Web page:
On completion of the different aspects of the DT a report will be generated including the input data and the results of the risk assessments and cost-benefit-risk analysis. Depending on the user, prevention measures can be included. Unfortunately no in-depth study has been completed on remediation options, but the user will be able to browse through the various options.
MEETING THE OBJECTIVES
All the objectives of this project were met. There are many risk assessment methodologies available, however after consulting with Prof George Pinder of Princeton University it was decided to follow a fuzzy logic approach which incorporates the knowledge of professionals in both groundwater and risk assessment fields. Professionals who were consulted are:
Based on discussions with the above-mentioned experts and extensive literature surveys a risk based DT was developed uniquely for South African conditions.
CONCLUSIONS AND RECOMMENDATIONS FOR FURTHER RESEARCH
Included in the DT are methodologies to characterise fractured rock aquifers: There is ongoing research concerning these aquifers and as new methodologies are developed it is important to include them in the DT.
This DT has been developed over a period of three years and even though it has been tested and calibrated by experts, it is important to note that in order to obtain more accurate results, it must be validated over a period of many years.
In addition the database of the DT has been populated with information; it can be expanded and more detail can be added.
The ecological risk assessment is limited to a few indicators to determine the risks for aquatic ecosystems. This assessment can be developed to include aspects such as flow conditions in rivers and fish species. In addition the impacts of groundwater on terrestrial ecosystems need to be considered and included in the ecological risk assessment. Accommodating these factors complicates ecological risk assessments.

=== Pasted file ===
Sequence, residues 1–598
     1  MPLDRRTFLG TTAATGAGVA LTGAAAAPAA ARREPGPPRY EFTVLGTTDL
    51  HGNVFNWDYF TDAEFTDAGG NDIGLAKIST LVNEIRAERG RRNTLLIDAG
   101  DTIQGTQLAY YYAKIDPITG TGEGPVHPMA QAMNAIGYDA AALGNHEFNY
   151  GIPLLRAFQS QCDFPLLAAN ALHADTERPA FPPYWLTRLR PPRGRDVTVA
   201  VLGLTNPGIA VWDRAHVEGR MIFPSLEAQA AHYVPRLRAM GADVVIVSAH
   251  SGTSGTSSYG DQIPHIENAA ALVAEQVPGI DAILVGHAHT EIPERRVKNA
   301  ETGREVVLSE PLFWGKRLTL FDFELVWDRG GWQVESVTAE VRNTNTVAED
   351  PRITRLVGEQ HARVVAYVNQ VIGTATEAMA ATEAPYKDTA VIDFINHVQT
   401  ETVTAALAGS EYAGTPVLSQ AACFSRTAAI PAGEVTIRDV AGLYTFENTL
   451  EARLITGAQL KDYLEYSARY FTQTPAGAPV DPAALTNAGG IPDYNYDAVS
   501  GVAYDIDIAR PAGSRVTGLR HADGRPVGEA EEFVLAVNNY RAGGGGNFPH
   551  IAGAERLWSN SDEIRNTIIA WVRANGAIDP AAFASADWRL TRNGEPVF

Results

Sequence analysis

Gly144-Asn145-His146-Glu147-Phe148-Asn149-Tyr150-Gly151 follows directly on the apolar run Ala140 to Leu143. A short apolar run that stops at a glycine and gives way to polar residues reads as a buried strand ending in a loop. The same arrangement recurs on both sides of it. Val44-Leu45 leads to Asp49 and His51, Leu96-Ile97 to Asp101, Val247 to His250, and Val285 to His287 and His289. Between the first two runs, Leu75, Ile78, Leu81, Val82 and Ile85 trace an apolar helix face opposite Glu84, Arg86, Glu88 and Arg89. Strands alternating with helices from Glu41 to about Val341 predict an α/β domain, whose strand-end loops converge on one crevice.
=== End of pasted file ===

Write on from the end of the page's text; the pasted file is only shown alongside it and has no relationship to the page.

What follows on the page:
The cost-benefit-risk analysis is crude and this can be developed into more comprehensive computations.
Even though uncertainty has indirectly been included in the DT, further development of the DT should include a comprehensive uncertainty analysis. The uncertainty analysis should include aspects such as the quality of data, the relationships between potential hazards and effects of concern and, the methods used to calculate risks. The uncertainty analysis thereby highlights the limitations of the risk assessment allowing decisions to be made in a more transparent fashion.
The DT developed in this report relies heavily on the expertise of geohydrologists, assumptions and approximations of real world conditions. Together with the heterogeneities present in groundwater systems it is impossible to guarantee the accuracy of the methodologies and the reader must take this into consideration. However as Hurst (1957) stated: It is usually better to do something which is 95% effective immediately, rather than to wait several years to improve the solution by 4%.
The DT can be a useful tool for a groundwater manager to use in order to obtain an understanding of the groundwater situation in a particular area and the impacts thereof.
In addition the DT can be used to rank groundwater related problems, thereby making groundwater management and protection an achievable task.